IT was a long time coming, but definitely worth the wait for Louise Henchy who has soldiered for the Banner Ladies cause for more years that she probably cares to remember.
The day that the club finally scaled the heights of Mount Munster and brought provincial honours at A level back to Clare.
“The leader of the club,” says manager Joe Reidy when explaining away Henchy’s contribution to the club as they rose through the ranks of Clare, and now Munster.
“It’s brilliant to finally get there,” she says. “We felt we had a great chance coming down and we got off to a great start, but when they drew level near the end everyone was kind of out on their feet.
“There were a few pulling up with cramp and it was hard to see where we’d get the score from because they were putting everyone behind the ball,” she adds.
But the score came with Katie Cahill becoming the heroine of the hour with her match-winning point at the death, with Henchy pointing out that it was a case of the right person and the right time being on hand to land the crucial score.
“We have four or five left footed players on the team – if it had fallen to a right footed player we probably wouldn’t have got that point, but Katie is left footed and she slotted it over. We were all looking at the umpire to see if he was going to reach for the white flag – it was a very tight angle.”
The Banner Ladies journey to Munster glory started back in 2008 when they landed their first ever Clare senior title, with Henchy pointing to the infusion of youth in recent years as the catalyst for their greatest day.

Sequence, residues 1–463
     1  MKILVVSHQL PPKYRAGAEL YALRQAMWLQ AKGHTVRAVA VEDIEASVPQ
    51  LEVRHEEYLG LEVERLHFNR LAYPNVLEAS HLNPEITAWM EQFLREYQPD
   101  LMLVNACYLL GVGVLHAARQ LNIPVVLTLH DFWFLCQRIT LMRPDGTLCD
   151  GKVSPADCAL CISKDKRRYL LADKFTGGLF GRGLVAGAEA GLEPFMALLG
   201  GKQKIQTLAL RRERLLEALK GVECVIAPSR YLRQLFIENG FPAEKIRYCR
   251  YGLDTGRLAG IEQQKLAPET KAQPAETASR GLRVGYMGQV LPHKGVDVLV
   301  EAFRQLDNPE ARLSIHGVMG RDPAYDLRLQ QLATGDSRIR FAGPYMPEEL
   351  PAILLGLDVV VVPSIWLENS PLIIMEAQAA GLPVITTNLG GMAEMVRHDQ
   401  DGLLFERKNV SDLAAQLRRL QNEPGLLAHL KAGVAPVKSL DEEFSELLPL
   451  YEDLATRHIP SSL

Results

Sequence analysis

“We were anxious to make the step up this year in the A competition, but it’s not very easy against Cork teams,” she says.
“We have a young team coming up with the last few years and there’s great potential there, but once you leave the county it’s difficult to make the big breakthrough. It was great to get the win.
“A lot people in our own county were asking questions about us. We’d won Clare five out of the last six years and there was a bit of pressure mounting the last year or two to be successful outside the county.
“These young girls who joined up with the panel in the last few years have come on with every year – they’ve got stronger and more confident and the best thing, just like the Clare hurlers this year, is that with youth they don’t fear any opposition.
“Myself and a few of the older girls might be saying the opposition ‘have this one and that one’, but names mean absolutely nothing to these young girls and it didn’t matter who they were up against,” she adds.

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Joe Ó Muircheartaigh graduated from University College Dublin in 1989 with a degree in history and politics. After completing a Diploma in Journalism at The College of Commerce, Rathmines in 1991, he embarked on a career in journalism. Joe spent four years with Clare FM from 1992 and was with The Clare Champion from 1996 to 2005. He has won two McNamee Awards for GAA journalism and has published two books. Contact Joe on [email protected]

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